If that seems too fanciful, then consider this discussion of Ted Bundy and Jeffrey Dahmer on Adam Pearson’s Words From The Wind blog. “Both men have expressed in their interviews that they felt themselves torn between a sense of vivid first-person agency and a sense of disconnected third-person spectatorship,” Pearson writes. “It seemed at times as if they became mere spectators to their own actions, watching themselves, as if from outside, carrying out the brutal murders of innocent individuals.” (6)


Pretty perfect: 16 flowers for a new-dug grave

Purty Polly, by John Hammond (1927). This Kentucky banjo player, the first man to put the song on disc, sets his coldly matter-of-fact vocals against a growing frenzy of clawhammer banjo playing.
    The more evil Willie becomes, the more Hammond’s picking threatens to spiral beyond control. The second his tale’s done, he snaps the music to a halt as sudden and irrevocable as Polly’s death itself. Available on: People Take Warning (Tompkins Square, 2007)

Pretty Polly, by Hobart Smith (1956). Liam Clancy recorded this fiddle instrumental during a song-collecting trip to Virginia.
    Smith, a veteran of his local community’s square dance celebrations, was mostly a banjo player but proves equally proficient on the fiddle here.
    He saws up a storm, conjuring up a picture of happy dancers whirling merrily around him to the steady beat of Smith’s own stamping foot. Available on: Instrumental Music of the Southern Appalacians (Tradition, 1997).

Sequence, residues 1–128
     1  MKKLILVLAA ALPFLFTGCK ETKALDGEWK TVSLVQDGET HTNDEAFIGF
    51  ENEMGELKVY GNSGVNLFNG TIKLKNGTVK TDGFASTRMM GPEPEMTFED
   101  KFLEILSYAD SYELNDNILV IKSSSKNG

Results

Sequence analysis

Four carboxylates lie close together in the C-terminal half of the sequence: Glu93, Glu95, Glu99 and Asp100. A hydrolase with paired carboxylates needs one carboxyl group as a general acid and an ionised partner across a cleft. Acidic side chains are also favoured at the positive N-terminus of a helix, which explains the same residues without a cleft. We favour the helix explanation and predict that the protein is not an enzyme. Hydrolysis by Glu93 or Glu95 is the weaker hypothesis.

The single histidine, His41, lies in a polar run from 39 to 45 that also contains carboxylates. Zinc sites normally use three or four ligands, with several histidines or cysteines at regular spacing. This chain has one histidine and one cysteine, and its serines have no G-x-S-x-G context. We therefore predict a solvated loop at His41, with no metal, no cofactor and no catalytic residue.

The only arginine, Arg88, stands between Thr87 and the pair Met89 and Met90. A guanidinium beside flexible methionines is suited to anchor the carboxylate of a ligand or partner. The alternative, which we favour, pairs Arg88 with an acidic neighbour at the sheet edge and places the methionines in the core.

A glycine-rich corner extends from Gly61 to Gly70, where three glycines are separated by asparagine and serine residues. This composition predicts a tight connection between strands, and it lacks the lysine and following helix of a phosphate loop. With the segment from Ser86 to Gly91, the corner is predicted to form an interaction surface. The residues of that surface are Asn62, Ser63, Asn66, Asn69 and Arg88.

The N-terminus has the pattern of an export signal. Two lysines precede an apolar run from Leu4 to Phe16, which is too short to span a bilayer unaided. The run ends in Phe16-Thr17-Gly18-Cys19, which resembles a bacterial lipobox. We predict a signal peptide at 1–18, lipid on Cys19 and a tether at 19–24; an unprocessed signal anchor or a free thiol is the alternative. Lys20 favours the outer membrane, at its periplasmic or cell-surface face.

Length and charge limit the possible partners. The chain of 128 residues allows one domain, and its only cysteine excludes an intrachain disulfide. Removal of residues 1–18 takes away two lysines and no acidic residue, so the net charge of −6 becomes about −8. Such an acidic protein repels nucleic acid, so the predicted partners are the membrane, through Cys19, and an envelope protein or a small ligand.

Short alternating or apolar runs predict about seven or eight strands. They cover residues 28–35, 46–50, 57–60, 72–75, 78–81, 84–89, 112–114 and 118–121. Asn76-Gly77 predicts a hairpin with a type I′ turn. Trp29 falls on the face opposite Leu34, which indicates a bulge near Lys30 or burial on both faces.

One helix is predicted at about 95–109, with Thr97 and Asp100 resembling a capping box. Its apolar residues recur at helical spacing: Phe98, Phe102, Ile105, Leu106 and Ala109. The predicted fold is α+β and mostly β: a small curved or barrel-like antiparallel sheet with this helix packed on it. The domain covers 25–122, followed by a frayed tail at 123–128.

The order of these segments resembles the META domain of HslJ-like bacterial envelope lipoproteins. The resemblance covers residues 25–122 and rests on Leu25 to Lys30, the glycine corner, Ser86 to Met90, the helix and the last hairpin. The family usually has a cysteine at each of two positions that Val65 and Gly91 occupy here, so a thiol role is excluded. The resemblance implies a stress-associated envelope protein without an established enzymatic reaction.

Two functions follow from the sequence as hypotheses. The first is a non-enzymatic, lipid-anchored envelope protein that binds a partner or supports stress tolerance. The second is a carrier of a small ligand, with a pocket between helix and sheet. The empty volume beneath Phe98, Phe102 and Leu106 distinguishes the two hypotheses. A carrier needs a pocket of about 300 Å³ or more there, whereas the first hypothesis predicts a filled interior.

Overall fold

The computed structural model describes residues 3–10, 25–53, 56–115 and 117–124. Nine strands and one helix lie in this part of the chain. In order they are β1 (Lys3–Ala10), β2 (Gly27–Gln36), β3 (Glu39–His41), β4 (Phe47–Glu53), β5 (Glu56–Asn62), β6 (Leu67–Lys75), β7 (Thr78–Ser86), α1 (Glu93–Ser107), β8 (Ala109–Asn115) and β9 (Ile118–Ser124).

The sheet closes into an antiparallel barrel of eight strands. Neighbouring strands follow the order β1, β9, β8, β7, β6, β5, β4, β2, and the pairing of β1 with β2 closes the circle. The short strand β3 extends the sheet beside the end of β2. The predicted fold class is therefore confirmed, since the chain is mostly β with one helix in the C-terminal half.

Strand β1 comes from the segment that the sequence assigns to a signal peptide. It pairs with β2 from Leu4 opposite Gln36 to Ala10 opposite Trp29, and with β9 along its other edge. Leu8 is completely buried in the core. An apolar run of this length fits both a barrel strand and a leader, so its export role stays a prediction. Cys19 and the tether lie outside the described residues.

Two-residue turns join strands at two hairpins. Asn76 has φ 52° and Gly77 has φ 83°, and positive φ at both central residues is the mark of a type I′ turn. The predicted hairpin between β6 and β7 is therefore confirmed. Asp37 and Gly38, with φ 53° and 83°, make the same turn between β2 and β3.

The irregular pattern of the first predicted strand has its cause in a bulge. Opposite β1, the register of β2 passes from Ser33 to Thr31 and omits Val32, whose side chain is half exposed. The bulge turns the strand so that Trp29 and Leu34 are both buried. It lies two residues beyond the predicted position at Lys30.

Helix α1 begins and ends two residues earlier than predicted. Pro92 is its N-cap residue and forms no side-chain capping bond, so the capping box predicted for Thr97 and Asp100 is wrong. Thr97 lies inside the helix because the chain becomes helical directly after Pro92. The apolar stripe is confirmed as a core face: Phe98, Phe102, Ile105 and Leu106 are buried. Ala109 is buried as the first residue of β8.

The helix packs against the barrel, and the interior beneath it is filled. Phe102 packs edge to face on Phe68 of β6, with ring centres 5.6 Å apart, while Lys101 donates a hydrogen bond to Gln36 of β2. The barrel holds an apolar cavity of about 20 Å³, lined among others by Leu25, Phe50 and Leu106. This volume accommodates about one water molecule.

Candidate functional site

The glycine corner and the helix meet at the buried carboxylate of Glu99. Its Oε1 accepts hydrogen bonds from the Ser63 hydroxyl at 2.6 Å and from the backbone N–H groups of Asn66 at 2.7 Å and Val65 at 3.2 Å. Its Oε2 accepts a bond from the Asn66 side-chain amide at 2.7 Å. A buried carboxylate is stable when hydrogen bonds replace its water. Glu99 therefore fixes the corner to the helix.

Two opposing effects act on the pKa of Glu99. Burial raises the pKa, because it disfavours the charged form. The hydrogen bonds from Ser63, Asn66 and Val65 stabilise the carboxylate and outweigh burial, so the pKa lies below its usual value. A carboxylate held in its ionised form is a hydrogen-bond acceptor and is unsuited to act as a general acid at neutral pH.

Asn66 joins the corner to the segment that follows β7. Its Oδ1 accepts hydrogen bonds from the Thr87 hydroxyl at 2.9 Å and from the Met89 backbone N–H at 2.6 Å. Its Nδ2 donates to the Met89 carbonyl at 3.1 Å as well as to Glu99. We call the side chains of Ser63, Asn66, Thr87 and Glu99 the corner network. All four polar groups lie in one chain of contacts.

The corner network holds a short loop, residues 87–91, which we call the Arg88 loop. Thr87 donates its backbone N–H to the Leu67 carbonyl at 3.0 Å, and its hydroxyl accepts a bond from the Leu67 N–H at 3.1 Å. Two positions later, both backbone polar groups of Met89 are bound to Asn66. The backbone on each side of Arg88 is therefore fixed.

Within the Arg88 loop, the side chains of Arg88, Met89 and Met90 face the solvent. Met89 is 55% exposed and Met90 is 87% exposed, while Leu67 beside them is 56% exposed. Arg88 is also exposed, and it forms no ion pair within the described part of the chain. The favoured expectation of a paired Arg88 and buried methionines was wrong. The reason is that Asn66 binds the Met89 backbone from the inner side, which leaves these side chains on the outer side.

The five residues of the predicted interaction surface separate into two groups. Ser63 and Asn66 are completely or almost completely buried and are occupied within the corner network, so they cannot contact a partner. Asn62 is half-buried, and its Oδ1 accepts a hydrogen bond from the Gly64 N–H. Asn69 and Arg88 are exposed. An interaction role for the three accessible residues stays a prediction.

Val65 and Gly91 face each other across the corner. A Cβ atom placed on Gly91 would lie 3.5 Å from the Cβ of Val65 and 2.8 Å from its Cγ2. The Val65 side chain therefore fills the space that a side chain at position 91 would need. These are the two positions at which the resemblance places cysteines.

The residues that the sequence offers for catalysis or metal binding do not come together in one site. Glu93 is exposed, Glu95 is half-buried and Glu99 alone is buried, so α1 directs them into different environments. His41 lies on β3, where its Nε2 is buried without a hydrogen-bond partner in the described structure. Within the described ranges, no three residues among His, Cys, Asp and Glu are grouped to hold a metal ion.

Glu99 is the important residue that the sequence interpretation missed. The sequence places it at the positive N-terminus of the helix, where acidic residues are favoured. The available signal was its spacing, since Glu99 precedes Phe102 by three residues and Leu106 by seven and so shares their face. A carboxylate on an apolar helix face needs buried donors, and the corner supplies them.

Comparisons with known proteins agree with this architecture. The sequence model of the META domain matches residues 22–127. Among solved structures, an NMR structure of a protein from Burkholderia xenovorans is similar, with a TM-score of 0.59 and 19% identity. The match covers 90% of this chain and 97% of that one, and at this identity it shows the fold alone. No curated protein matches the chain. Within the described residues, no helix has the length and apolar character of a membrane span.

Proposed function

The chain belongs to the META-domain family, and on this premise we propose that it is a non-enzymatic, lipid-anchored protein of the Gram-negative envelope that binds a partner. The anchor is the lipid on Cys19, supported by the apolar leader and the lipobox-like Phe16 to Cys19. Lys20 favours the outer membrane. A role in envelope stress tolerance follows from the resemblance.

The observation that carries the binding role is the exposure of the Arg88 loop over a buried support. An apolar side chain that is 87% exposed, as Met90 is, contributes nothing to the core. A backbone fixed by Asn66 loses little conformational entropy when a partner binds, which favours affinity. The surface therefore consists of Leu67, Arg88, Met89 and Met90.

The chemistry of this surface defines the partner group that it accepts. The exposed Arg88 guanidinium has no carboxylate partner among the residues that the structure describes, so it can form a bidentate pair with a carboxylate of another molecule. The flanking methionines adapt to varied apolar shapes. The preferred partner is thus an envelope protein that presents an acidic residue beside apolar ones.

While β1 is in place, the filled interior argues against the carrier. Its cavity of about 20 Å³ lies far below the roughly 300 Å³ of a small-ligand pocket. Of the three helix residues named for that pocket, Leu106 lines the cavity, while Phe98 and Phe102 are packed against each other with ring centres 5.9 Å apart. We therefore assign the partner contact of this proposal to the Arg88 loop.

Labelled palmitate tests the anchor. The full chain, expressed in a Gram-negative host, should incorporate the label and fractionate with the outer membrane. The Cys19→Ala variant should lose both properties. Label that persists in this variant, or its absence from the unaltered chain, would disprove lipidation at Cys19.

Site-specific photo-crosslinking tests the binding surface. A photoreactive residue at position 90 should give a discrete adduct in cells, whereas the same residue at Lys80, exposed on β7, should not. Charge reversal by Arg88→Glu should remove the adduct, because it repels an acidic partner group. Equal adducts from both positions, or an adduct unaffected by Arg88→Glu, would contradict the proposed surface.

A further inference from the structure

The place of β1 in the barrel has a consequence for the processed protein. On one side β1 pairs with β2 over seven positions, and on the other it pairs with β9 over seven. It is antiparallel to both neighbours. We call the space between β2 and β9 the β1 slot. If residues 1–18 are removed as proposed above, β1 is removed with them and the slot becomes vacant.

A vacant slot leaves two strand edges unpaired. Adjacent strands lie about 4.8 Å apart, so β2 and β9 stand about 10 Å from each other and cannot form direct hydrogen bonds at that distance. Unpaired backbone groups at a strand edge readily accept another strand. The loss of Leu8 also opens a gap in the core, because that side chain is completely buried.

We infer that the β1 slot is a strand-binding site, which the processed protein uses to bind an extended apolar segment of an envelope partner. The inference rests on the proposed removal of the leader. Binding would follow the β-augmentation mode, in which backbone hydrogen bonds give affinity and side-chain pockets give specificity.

Pretty Polly, by The Stanley Brothers (1950). Ralph Stanley’s keening, high-lonesome vocals join with banjo, fiddle and stand-up bass for the song’s single most essential recording.
    In just two-and-a-half chilling minutes, Willie moves from an apparently sincere marriage proposal to calmly stabbing Polly because he thinks she’s put it about a bit.
    “You can’t beat that mountain sound,” Ralph Stanley said when he revisited the song 50 years later. This record is the living proof. Available on: Complete Columbia Stanley Brothers (SBME, 1996).

Pretty Polly, by Estil C Ball (1959). Ball was white, but he learned his trade as a fire-and-brimstone gospel singer. That apprenticeship serves him well in this bluesy rendition, with its deep, resonant vocals and unhurried banjo accompaniment.
    Ball makes expert play of the song’s inherent drama, painting Polly’s killer as the starkest, most inexplicable figure we’ve yet seen. No wonder Alan Lomax chose this version to represent Pretty Polly on his own murder ballads compilation. Available on: Southern Journey vol. 5: Bad Man Ballads (Continental, 2000).

Pretty Polly, by Sandy Denny (1967). The Fairport Convention singer’s piercingly clear voice starts gently, but builds steadily in force throughout.
    Denny stares the song’s violence straight in the eye, relishing the tale it has to tell. But her grim tone as Willie walks away makes it clear his damnation is utterly inescapable.
    Each line is decorated with a little flourish of Spanish guitar at its close as the other acoustic instruments drive things on beneath. As with many of the best Pretty Pollys, there’s not a hint of drums. Available on: It’s Sandy Denny (Saga, 1970).